25th February 2011
Both industry and conservation organisations urge Government to review the withdrawal of the ALSF so that aggregates levy funding continues to be made available. The ALSF helps ensure that biodiversity and nature conservation improvements are maximized through minerals industry activity. It has been a great example of central and local government, voluntary and conservation bodies, local communities and industry all working together to generate real environmental and social benefits. There remains great potential for further progress which Government can continue to support through future ALSF funding.
Thanks to the ALSF Buglife has worked very successfully with minerals companies to take steps to save the White-clawed crayfish from extinction.
White-clawed crayfish (Austropotamobius pallipes)© John Mason
The ALSF aims to reduce the environmental impacts of aggregates extraction and deliver benefits to areas subject to these impacts. It is the means by which about 6% of the Aggregates Levy revenue has been recycled into communities, non government organisations (NGOs) and other stakeholders to fund projects delivering conservation, local community and other sustainability benefits. The ALSF was introduced at the same time as the Aggregates Levy in April 2002.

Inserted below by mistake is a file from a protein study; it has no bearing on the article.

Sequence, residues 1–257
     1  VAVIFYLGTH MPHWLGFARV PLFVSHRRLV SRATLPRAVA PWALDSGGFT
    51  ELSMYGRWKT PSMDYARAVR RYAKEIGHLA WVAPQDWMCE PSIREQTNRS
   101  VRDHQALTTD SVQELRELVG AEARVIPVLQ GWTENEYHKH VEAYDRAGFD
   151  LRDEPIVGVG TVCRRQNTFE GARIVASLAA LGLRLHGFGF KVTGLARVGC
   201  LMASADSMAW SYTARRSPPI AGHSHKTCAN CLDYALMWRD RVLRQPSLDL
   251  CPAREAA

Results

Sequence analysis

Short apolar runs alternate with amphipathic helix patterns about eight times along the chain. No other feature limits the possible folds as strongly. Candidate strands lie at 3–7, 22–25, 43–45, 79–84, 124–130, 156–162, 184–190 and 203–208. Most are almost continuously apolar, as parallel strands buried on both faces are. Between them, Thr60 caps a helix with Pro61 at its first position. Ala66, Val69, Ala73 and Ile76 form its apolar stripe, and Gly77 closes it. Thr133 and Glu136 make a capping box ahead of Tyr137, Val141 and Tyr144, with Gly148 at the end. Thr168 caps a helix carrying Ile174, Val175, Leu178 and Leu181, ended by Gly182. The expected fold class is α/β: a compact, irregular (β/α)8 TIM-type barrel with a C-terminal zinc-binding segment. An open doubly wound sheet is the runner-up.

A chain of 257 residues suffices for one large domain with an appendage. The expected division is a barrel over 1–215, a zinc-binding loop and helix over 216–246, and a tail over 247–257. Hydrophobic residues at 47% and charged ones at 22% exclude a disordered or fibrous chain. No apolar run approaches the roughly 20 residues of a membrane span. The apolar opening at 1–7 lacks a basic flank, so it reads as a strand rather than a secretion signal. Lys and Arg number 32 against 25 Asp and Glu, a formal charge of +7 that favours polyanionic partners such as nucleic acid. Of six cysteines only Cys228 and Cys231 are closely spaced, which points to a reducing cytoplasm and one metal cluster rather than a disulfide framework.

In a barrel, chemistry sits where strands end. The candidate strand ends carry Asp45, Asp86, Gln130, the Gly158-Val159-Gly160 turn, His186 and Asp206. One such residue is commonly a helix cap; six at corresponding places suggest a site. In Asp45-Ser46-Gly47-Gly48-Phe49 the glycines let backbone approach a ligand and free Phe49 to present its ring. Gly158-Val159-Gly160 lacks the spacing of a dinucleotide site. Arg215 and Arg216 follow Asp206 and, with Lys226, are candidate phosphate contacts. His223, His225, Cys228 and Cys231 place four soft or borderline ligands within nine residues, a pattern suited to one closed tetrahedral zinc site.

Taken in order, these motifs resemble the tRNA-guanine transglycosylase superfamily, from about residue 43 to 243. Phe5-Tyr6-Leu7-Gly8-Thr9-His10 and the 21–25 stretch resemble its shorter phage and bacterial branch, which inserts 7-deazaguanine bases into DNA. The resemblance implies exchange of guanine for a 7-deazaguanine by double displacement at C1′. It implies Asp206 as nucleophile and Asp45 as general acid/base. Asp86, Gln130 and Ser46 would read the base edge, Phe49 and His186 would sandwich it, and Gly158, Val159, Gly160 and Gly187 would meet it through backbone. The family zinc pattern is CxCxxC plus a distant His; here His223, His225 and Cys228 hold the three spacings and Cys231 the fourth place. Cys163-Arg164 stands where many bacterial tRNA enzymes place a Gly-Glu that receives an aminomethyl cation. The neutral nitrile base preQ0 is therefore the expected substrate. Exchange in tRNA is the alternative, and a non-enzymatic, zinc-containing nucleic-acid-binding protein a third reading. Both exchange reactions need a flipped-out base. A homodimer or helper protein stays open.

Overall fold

The Aggregates Levy generates more than £300 million of revenue annually. This will rise by £15 million pa when the levy rate is increased in April 2011. Total ALSF spending has averaged £20 million pa.
Defra, which administers the ALSF, has announced that it is scrapping the ALSF because it “did not represent a core activity for the Department.” However, an independent assessment commissioned by Defra in 2010 concluded that “Overall, the value for money assessment is good and many areas offer evidence of excellent potential value for money particularly in the medium term.”
The ALSF has funded a wide range of conservation projects producing outstanding results of both national and local importance, and the ALSF funded Nature after Minerals project has identified that the restoration of quarries has the further potential to meet and exceed a significant share of the UK Biodiversity Action Plan.
Matt Shardlow, Buglife Cheif Excecutive said 'With Aggregates Levy funding, Buglife has worked very successfully with minerals companies to take steps to save the White-clawed crayfish from extinction – a Government biodiversity target.
The Levy has proven to be a wonderful way of getting companies to contribute to saving wildlife but, without the funding it provides, small charities will not be able to marshal the expertise, voluntary contribution and enthusiasm to work in partnership with the minerals industry for the good of society. We fear that progress towards saving the endangered White-clawed crayfish could be undone'.
Retention of the ALSF is strongly supported by both industry and leading conservation organisations.